Mint Infused Chocolate Chip Cookies

Photo Credit: Ashley Cuoco

For months I’ve been itching to by fleur de sel. Fancy, delicate sea salt… perfect for topping chocolate chip cookies resulting in that balance of salty and sweet. The other day I finally sprung for it. The above shot was like the moment I’d been waiting for. Pure satisfaction: perfectly round balls of cookie dough. I resisted the very real temptation to eat the dough raw.

The awesome Andrea Bemis is the author of this recipe, found in her new book Dishing Up The Dirt. Fresh mint, infused into melted butter, gives these cookies a subtle yet super fresh twist. I am all for it. The best part? Nature has given me free mint for the picking, right on the side of my landlord’s driveway. These cookies were destined to be.

Without a doubt, this is the best cookie recipe I’ve ever tried. Melted butter makes for thats perfect chewy consistency that I love in cookies. I’m sold on Andrea’s recipe. I doubled it the first time I made these. Take that, Monday!

Photo Credit: Ashley Cuoco

Photo Credit: Ashley Cuoco

Photo Credit: Ashley Cuoco

Makes about 12 large cookies

  • 1/2 cup unsalted butter, chopped into small pieces
  • 1/2 cup firmly packed fresh mint, roughly chopped
  • 1/2 cup firmly packed dark brown sugar
  • 1/2 cup granulated sugar
  • 1 egg, at room temperature
  • 1 tsp pure vanilla extract
  • 1-1/2 cups all-purpose flour
  • 1 tsp baking soda
  • 1/2 tsp fine sea salt
  • heaping 1/2 cup semisweet chocolate chips, plus additional for topping cookies
  • sprinkle fleur de sel on each cookie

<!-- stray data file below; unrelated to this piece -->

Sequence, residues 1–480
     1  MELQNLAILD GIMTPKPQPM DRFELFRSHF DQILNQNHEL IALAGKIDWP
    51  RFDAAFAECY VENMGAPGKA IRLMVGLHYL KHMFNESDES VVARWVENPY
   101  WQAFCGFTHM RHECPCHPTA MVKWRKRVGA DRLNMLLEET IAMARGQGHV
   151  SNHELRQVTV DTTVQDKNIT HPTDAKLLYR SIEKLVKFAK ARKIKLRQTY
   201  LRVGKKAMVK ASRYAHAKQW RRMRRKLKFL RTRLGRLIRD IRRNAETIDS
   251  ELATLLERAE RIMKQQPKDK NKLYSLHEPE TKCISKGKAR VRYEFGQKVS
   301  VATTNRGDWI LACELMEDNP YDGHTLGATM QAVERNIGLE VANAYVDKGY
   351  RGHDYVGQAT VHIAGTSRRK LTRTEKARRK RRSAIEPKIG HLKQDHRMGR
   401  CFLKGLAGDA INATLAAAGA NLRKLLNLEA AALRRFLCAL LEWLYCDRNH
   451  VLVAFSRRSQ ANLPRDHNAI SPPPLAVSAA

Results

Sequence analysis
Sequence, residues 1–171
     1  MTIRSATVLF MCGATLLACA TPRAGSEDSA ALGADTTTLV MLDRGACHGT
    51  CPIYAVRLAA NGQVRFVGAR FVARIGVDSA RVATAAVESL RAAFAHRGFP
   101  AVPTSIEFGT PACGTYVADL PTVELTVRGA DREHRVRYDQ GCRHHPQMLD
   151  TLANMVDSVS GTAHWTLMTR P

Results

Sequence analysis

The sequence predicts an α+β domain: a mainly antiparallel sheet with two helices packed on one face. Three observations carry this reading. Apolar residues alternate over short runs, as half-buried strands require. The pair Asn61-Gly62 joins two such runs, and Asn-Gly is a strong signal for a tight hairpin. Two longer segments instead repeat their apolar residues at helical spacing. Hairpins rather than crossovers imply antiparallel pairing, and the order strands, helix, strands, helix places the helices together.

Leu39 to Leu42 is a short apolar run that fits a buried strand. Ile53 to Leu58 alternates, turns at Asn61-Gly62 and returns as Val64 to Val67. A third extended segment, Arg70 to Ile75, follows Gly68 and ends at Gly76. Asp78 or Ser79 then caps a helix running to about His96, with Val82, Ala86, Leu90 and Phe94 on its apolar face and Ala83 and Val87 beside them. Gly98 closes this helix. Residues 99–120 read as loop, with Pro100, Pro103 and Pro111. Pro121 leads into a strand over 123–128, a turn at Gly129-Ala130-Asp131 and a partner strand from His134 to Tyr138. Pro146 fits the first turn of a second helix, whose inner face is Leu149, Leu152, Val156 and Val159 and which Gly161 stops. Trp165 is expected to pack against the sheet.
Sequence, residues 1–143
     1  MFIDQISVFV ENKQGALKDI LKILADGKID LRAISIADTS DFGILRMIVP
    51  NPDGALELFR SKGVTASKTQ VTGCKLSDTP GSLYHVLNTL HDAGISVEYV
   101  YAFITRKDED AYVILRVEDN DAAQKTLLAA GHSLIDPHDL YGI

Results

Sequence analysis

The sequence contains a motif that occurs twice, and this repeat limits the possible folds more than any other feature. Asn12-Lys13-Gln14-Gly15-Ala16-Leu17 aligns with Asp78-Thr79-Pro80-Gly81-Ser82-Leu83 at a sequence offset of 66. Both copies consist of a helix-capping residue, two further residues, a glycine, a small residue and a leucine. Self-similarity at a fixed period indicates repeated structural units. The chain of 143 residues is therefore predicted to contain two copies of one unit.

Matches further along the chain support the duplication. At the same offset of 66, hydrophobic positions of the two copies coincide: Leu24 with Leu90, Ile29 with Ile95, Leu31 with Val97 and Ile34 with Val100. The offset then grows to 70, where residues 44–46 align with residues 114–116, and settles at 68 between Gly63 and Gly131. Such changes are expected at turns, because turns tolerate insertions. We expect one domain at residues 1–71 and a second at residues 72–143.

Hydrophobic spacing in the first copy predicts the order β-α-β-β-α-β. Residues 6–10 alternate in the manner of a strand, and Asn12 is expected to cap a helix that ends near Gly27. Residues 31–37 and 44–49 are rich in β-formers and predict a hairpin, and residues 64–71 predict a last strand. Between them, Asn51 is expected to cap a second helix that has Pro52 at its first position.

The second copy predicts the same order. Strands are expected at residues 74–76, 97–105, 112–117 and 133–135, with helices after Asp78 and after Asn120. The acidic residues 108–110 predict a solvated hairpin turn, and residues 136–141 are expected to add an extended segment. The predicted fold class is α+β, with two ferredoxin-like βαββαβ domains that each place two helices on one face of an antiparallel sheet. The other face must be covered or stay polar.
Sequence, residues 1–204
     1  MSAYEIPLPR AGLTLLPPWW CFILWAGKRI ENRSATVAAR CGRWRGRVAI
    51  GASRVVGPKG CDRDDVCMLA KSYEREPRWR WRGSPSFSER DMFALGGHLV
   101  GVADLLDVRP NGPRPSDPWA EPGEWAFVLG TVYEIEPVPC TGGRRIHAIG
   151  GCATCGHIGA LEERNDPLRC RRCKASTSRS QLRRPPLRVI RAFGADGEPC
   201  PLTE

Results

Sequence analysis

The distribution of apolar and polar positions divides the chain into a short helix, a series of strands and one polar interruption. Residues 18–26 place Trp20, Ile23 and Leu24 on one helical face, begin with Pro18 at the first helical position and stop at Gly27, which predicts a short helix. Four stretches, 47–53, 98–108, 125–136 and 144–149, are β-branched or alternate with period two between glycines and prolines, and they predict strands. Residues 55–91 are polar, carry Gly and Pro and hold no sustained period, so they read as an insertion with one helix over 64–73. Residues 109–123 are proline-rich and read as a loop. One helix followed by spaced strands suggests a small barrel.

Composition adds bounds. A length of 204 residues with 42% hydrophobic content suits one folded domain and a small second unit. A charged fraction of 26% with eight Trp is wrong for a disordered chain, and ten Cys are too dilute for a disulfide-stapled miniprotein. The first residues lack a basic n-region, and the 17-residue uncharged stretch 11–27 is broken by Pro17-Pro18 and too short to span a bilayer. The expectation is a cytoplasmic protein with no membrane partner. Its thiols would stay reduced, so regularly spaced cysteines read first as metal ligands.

1. Place the butter and the mint in a small saucepan over medium heat. Melt the butter, swirling the pain occasionally. The butter will foam and froth, then crackle a bit as it cooks. A few brown bits may form, and thats totally fine. Once the mint is fragrant (after 2 to 3 minutes), set the mixture aside to cool for 30 minutes (you don’t want it to solidify, just to cool down and let the mint infuse the butter). Strain the butter through a fine-mesh sieve into a bowl. Use a wooden spoon or rubber spatula to press the mint leaves to extract any juices.
  2. In a large bowl, beat together the butter and both sugars until the mixture is completely smooth and creamy, 3 to 5 minutes. Add the egg and vanilla, beat for 1 minute longer.
  3. In another large bowl, whisk together the flour, baking soda, and salt. Slowly add the dry ingredients to the wet, scraping down the bowl as needed. Fold in the chocolate chips and continue to mix until well incorporated.
  4. Scoop the dough into a ball, place it on a piece of parchment paper, wax paper or plastic wrap, and flatten it slightly into a thick disk. Cover and refrigerate for 1 hour. About 15 minutes before you’re ready to begin baking, place racks in the center and upper third of your oven. Preheat the oven to 350 F and line two baking sheets with parchment.
  5. Use a scant 1/4 cup scoop to form he dough into mounts on the prepared baking sheets, placing more more than 4 cookies per sheet. Leave about 3 inches between each cookie; they’ll spread while they bake.
  6. Top each cookie with a few extra chocolate chips, a sprinkle of fleur de sell and bake for 12 to 15 minutes. Rotate the pans halfway through baking, until they’re golden and lightly brown on the bottom. 14 minutes was the sweet spot in my gas oven. Let the cookies cool for about 5 minutes before transferring them to a wire rack. Let one baking sheet cool to room temperature before reloading with the remainder of the dough.
  7. Store the cookies in an airtight container at room temperature for up to 3 days or freeze them for up to a couple of months.